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Putin comments on Russia's Olympic bid
- Published on Jul 20, 2015 veröffentlicht
- (6 Jul 2005) SHOTLIST
1. Wide shot voting point in the Moscow centre
2. Close up Moscow bid sign
3. Close up person pressing button to vote for Moscow bid
4. Close up counter of votes
5. Mid shot women voting
6. Wide shot the Kremlin
7. SOUNDBITE (English ) Vladimir Putin, Russian President:
"Being one of the major centres of the vast continent, spanning both Europe and Asia, Moscow is the meeting place of cultures. It integrates diversity, selecting it as the host city of the 2012 summer Olympic games would give many people and peoples living here more confidence by underscoring the value of their aspirations to live and develop in the framework of the highest standards of present-day civilisation."
8. Various of men constructing stage in the Red Square for IOC announcement
9. Wide shot Red Square
In what's believed to be the first ever speech in English by a leader of the Kremlin, Russian President Vladimir Putin said on Tuesday that selecting Moscow as host city for the 2012 Olympics would give its people a welcome boost.
Speaking in a televised address to be broadcast to IOC delegates in Singapore on Wednesday as part of Moscow's official presentation, Putin said Russia's position straddling Europe and Asia made the city a "meeting place of cultures".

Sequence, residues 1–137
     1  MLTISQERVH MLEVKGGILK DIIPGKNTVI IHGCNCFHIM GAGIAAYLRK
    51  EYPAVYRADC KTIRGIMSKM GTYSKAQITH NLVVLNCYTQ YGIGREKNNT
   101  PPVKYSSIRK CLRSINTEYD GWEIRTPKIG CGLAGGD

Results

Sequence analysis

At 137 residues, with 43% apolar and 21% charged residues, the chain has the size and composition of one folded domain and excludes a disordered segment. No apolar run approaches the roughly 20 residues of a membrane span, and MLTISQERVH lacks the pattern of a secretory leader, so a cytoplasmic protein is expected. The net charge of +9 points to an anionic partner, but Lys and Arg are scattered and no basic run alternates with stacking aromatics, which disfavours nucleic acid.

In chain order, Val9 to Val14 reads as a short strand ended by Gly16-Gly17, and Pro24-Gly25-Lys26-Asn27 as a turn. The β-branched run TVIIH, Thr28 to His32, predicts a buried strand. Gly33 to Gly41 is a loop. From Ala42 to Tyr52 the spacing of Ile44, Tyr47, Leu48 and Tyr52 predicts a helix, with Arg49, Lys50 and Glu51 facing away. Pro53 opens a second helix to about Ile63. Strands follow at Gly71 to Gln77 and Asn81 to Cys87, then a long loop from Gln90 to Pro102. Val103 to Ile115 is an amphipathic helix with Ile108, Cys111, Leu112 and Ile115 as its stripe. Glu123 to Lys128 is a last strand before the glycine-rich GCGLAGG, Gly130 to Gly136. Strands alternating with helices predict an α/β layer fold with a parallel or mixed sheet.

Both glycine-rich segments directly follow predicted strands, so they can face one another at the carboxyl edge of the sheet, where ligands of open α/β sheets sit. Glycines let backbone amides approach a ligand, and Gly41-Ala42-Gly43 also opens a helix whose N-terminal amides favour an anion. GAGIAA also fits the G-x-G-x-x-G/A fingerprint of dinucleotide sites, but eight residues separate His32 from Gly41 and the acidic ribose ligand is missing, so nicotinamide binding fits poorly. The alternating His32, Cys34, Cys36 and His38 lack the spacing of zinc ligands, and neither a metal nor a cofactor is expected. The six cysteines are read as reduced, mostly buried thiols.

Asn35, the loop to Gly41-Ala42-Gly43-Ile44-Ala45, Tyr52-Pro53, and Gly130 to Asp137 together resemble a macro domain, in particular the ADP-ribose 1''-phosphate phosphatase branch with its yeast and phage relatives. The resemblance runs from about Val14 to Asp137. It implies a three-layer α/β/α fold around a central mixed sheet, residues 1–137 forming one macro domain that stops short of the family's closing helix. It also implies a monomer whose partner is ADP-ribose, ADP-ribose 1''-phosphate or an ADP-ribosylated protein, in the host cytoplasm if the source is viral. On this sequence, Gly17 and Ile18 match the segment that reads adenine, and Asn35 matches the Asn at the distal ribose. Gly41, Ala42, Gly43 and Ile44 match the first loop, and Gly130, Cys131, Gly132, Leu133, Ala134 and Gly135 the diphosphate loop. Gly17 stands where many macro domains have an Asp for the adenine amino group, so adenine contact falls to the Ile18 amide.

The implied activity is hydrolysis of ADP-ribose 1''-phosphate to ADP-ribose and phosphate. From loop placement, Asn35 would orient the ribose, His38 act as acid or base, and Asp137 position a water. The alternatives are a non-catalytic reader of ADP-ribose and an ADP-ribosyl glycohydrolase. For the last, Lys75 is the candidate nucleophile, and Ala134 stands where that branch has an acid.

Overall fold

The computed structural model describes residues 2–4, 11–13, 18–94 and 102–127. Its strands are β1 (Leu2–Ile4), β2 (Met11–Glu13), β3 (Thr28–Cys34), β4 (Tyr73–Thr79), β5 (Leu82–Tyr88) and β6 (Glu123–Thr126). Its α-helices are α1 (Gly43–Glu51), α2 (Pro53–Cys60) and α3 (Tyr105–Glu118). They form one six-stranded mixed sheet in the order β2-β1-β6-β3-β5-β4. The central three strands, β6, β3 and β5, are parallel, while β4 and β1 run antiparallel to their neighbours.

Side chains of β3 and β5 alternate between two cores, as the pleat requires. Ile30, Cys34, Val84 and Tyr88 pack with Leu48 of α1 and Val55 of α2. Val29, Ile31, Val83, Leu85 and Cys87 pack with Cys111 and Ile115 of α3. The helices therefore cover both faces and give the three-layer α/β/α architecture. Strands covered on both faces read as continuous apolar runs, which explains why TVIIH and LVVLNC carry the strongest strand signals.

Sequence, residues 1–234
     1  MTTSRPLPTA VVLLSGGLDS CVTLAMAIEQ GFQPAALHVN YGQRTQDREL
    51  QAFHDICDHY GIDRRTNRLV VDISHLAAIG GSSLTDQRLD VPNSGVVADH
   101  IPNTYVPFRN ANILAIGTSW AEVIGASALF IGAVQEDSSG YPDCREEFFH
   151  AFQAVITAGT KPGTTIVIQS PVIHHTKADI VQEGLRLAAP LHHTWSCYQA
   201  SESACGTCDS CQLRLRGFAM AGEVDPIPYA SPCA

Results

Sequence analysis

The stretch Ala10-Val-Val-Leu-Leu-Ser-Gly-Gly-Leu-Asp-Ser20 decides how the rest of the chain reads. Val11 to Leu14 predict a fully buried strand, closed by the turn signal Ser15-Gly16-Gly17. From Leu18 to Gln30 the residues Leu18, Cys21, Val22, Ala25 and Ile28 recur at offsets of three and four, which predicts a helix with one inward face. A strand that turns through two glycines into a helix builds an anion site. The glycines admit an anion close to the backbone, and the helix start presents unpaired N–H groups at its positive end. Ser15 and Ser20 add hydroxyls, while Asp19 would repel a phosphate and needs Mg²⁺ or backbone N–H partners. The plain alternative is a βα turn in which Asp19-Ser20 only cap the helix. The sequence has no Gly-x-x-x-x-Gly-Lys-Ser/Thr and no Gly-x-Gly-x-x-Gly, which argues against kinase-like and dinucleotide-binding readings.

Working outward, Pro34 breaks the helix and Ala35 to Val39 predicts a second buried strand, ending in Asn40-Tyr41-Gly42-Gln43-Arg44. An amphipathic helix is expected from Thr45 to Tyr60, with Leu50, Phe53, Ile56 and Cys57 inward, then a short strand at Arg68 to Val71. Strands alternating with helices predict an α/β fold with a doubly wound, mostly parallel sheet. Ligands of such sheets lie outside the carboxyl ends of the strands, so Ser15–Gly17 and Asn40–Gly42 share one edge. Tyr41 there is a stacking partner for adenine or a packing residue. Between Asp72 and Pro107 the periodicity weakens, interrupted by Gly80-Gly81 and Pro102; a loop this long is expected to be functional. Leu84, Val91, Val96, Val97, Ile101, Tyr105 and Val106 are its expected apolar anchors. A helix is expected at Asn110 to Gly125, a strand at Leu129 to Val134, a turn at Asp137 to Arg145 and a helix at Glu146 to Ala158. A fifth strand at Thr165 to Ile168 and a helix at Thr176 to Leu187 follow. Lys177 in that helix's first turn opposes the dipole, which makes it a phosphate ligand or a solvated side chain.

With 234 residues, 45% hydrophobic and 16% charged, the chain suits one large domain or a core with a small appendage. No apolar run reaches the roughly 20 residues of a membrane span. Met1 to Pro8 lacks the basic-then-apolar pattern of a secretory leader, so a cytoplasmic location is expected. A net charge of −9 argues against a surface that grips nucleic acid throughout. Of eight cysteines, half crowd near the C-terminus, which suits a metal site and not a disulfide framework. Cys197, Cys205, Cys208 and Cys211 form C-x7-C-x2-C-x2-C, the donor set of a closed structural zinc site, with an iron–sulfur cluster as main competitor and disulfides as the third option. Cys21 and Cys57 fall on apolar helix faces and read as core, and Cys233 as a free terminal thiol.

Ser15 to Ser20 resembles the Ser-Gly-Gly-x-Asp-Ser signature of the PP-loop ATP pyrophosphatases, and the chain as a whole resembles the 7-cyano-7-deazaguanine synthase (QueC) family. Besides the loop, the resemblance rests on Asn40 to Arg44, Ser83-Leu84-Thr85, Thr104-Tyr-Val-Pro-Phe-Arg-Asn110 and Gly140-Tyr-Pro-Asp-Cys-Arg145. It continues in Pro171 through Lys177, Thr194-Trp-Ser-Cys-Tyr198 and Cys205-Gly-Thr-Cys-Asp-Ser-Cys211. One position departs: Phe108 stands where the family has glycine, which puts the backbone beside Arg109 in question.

Moscow is preparing for the International Olympic Committee announcement on July 6 with bid banners, posters and the construction of a stage at Red Square to hear the vote results.
The Russian capital is widely seen as an outsider in the race to stage the Games, however the members of Moscow delegation and citizens are upbeat about their city's chances to win.
Bid officials believe the idea of holding all the events within Moscow's city limits is a potential winning ticket.
Moscow, unable to rely on a David Beckham or Muhammad Ali, is hoping the merits of its presentation will sway delegates who are deciding on the host for the 2012 Games.
Moscow last hosted the Olympics in 1980 under the shroud of Cold War politics.
Officials have said the 2012 Games would help Moscow and Russia spread its new image.
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